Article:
Supervised Practice Experience Overview
The Supervised Practice Experience (SPE) is a key eligibility requirement for earning the CNS credential, enabling candidates to gain valuable clinical practice experience under the supervision of a highly qualified nutrition professional. The SPE provides the opportunity for candidates to use, develop, and refine knowledge and skill competencies in advanced clinical nutrition.
Candidates identify supervisor(s) and arrange practice setting(s) in accordance with guidelines and resources provided by BCNS, including the competencies which must be addressed during the 1000-hour experience.
What are the requirements for the Supervised Practice Experience (SPE)?
- A minimum of 1,000 hours of supervised practice in clinical care based on the Personalized Nutrition Care Mode. The experience must address the CNS SPE competencies and be structured to ensure each candidate obtains the in-depth knowledge and skills expected of an advanced-level nutrition professional.
- Candidates must work with approved supervisors and in practice settings that are in accordance with BCNS guidelines.
- Candidates must document their work using the provided tools.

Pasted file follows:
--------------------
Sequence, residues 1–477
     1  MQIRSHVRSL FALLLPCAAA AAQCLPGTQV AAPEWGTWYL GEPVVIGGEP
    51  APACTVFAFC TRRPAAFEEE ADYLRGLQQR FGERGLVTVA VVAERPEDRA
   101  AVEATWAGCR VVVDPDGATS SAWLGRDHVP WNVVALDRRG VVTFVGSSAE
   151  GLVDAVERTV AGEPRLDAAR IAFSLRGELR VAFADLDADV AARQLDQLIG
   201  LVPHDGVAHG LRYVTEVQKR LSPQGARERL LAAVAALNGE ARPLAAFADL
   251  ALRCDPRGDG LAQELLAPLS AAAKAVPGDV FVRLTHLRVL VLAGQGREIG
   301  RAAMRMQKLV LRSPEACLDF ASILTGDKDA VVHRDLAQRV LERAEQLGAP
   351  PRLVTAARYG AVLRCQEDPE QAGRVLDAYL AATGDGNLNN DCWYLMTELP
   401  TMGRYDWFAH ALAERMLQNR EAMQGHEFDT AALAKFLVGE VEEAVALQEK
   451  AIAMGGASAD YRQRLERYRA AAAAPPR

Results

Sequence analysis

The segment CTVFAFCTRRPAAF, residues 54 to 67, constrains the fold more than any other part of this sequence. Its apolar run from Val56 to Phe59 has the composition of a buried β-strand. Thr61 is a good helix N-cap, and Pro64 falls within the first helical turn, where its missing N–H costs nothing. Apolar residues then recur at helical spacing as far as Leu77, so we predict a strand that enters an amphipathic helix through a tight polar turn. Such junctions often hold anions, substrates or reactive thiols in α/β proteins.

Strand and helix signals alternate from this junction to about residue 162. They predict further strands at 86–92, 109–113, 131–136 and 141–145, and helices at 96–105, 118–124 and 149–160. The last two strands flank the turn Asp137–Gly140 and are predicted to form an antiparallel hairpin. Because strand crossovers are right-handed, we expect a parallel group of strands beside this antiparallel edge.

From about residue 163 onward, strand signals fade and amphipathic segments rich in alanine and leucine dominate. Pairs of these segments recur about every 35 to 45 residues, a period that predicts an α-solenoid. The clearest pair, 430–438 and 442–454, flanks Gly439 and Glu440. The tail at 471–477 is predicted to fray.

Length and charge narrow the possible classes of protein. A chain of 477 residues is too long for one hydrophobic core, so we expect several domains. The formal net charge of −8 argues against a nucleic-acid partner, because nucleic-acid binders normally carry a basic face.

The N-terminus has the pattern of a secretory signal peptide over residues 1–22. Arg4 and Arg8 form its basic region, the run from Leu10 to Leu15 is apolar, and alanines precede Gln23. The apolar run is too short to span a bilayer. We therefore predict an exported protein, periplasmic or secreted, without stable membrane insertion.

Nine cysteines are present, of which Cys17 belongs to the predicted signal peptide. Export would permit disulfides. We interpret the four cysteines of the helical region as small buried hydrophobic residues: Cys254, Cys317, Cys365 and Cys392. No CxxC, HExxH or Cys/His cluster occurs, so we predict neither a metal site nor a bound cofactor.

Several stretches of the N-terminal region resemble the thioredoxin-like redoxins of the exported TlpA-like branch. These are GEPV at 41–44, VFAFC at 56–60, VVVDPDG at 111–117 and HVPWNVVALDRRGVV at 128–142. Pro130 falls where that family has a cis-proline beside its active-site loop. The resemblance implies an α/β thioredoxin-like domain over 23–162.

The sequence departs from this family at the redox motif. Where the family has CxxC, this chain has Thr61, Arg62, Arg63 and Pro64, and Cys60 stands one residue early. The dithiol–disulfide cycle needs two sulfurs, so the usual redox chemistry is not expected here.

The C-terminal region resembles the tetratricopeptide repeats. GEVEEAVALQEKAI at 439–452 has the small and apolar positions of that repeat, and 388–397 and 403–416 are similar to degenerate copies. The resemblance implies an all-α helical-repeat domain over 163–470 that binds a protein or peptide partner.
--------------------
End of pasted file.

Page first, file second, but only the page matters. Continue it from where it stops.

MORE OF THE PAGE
- Supervisors must document and report the candidate’s progress and successful completion of the competencies.
- Supervised Practice Experience must be completed and submitted to the BCNS within 5 years of passing the certification exam.
What should the 1,000-hour experience cover?
I. The practice experience should follow the PN Care Model, with time allocated as follows:
- Category A: Personalized Nutrition Assessment and Interpretation (minimum 200 hours)
- Category B: Personalized Nutrition Intervention, Education, Counseling, and Ongoing Care (minimum 200 hours
- Category C: Personalized Nutrition Monitoring and Evaluation (minimum 200 hours) Remaining hours may be in any of the above categories.
II. The practice experience should address each of the SPE competencies through exposure to a broad range of health conditions
When can I begin the SPE?
To be eligible, all supervised experience must be gained after the candidate matriculates into the qualifying degree program. However, some state regulations stipulate that supervised practice is begins after completion of the qualifying degree program. It is the responsibility of candidates and supervisors to familiarize themselves with the applicable state regulations.
Although the SPE may be completed before or after passing the BCNS Certifying Examination, it is important to note that historically those who have completed the practice experience perform better on the examination than those who have not. The CNS credential will not be awarded until the completed SPE hours have been approved by the BCNS Credentials Council.
How do I find a supervisor?